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by Victoria Lucas

I am so honored to be taking up space here! The Traveler thought enough of my letters to the editor that he asked me to become a regular contributor. In my letters I mentioned how I've just graduated from Stanford and am going back to my old job in the Drama Department at the University of Arizona, and my mother's home, where I'm typing on an old portable Smith-Corona that has seen far too many papers, dissertations, theses, and so on as I've struggled to work my way through college.

Last fall I tacked up on my bulletin board (unfortunately in the sun) a short column of news about somebody with whom I sometimes work in Tucson little theatre--Bob Hammond, a French professor at the University of Arizona who once won a Fulbright to Paris and never recovered. He writes his plays in French and English and translates from each language into the other. The blurb introduced Hammond as one of four playwrights who formed a producing group for their work. One of the other playwrights was a fellow by the name of Charles Finney who was supposed to produce a play of his this year.

(see the rest at Galactic Journey!)


The article reminded me that I may have met Finney as I house-managed and assistant-directed Bob's plays. Or I might have seen him in his workplace, the newspaper building downtown, where he has been editor of the Arizona Daily Star for 32 years (I spent my Saturdays at the Tucson Daily Citizen my senior year in high school helping to put out the "Teen Citizen," a section of the paper.) So when I ran across The Circus of Dr. Lao and Other Improbable Stories I picked it up. It's edited by Ray Bradbury and published by Bantam Books, first out 1956.

In the very first sentence of his introduction to this book of short and long stories, Bradbury asserts that the works in this book "are fantasies, not science-fiction." He goes on to list some adjectives and statements that contrast science fiction and fantasy as genres (or at least his idea of the genres). Then, in two short, strident paragraphs, like trochees in a poem, he argues:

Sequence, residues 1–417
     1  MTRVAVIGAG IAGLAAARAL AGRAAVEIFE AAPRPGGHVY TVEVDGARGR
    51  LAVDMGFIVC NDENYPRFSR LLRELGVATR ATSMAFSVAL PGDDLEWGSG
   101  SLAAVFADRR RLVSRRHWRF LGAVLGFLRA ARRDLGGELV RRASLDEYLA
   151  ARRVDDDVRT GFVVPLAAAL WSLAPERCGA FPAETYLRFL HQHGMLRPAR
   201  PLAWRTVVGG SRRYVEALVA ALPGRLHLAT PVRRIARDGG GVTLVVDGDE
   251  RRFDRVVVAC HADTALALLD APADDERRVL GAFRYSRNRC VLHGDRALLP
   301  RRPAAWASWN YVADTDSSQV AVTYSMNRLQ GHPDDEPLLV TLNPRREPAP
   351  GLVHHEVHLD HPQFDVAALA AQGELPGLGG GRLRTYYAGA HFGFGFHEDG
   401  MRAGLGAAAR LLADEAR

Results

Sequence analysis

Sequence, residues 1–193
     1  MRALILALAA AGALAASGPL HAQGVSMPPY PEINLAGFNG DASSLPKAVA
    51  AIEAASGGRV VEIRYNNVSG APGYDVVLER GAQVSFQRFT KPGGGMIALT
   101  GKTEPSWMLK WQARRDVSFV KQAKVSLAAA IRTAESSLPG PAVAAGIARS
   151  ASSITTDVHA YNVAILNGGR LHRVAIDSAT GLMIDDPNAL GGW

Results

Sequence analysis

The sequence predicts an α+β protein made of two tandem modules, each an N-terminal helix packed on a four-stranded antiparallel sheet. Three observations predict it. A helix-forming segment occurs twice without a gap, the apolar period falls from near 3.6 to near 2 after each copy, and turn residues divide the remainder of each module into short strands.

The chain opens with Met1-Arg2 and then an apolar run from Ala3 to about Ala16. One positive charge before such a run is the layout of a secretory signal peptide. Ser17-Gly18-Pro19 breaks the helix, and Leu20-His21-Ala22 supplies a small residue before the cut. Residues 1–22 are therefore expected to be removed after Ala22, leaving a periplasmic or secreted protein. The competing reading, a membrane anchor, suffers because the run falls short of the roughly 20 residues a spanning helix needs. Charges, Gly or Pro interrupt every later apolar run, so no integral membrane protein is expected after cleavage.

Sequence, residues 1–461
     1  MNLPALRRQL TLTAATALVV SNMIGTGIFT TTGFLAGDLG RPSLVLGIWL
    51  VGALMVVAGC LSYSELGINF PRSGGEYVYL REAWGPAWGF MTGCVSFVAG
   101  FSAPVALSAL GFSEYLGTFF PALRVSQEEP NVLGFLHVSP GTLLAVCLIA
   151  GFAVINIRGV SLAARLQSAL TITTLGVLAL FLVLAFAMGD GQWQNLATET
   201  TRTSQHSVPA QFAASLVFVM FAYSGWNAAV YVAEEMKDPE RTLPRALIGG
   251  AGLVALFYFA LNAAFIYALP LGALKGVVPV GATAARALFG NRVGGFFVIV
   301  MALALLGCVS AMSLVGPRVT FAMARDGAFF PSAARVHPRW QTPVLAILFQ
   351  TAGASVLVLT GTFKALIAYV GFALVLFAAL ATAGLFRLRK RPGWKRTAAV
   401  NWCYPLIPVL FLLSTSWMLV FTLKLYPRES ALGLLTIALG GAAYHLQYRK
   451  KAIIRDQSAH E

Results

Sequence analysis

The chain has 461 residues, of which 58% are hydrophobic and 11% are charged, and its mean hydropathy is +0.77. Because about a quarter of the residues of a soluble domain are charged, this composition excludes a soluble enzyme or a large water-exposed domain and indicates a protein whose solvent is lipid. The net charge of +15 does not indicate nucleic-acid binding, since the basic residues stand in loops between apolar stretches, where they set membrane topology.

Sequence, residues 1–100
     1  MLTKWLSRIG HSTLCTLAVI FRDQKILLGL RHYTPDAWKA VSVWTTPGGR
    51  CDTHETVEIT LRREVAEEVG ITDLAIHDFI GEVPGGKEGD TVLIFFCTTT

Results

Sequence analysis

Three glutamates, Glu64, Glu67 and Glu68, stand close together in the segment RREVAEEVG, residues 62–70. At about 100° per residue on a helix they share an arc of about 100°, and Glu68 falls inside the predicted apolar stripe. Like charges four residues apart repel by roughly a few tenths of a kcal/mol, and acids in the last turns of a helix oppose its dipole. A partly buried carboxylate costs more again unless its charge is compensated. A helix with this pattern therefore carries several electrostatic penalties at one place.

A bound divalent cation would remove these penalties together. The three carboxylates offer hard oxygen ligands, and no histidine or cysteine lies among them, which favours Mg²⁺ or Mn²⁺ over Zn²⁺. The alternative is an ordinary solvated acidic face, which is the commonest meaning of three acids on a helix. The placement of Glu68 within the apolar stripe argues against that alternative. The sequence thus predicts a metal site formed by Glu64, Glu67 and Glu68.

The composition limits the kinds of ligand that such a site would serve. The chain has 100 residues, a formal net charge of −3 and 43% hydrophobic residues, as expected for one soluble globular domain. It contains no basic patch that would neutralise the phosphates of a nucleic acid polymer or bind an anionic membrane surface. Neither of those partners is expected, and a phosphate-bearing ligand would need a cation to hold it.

"Science-fiction balances you on the cliff.

Fantasy shoves you off."

This book of short stories (and one long one) conforms to that opinion. At least the shoving-off-cliffs part.

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September is almost over, and it’s not even the end of August.

Confused?  It’s standard practice to date magazines with the month that they are to be taken off the shelves.  Thus, I got all of my September 1959 issues in late June.  I also got my October Galaxy around then, too, but that’s because it’s a bi-monthly.



The September 1959 IF, now essentially Galaxy Jr., is the last September issue to review before moving on to the next month, and so far so good!

As with the last ish, the magazine opens strongly with a novelette by James H. Schmitz called Summer Guests.  At first, it seems like a bit of wish-fulfilment: bored, lonely working stiff encounters a pair of lovely fairies while at his summer retreat.  Very quickly, our protagonist learns that his guests are far more than they seem, and he finds himself an unwitting pawn in a struggle between races and dimensions.  It’s got a wicked sting in the tail, too.  Solid, 4-star tale.

On to number two.  Philip K. Dick never turns in a bad effort, but Fair Game is one of his lesser works.  A professor is hounded by extra-dimensional creatures who appear to be after his fine intellect.  In tone, it sounds a bit like a much better Dick story I read in Beyond many years ago (I can’t remember the title), but the ending is rather pat. 3 stars.

Margaret St. Clair (often known as Idris Seabright) has an entry in this month’s issue: The Scarlet Hexapod.  In short, if you like dogs, you’ll love the six-footed Martian version.  It’s all about how Jeff, the extraterrestrial Fido, risks all to save its owner from a murderous plot.  I found the story insubstantial, but not trying.  3 stars.

Finally, for today, we have Charles L. Fontenay’s Bargain Basement in which a pair of modern-day fellows frequent a little general store that is, literally, a slice of the future.  No one minds getting whiz-bang merchandise for cheap, but the pleasant situation collapses in a bit of paradox when one of the protagonists uses a love drug to steal the fiancée of the other (in a bit I found disturbing).  The subsequent change in history causes the future store to disappear… yet nothing else changes, including the marital status of the woman and her scoundrel new husband.  3 stars reduced to 2 for the poor treatment of the female character.

That leaves us at exactly 3 stars for the first half of the issue.  We’re doing better than this month’s Astounding, but will the luck hold out into Part 2?

(Confused? Click here for an explanation as to what's really going on)




P.S. Galactic Journey is now a proud member of a constellation of interesting columns. While you're waiting for me to publish my next article, why not give one of them a read!

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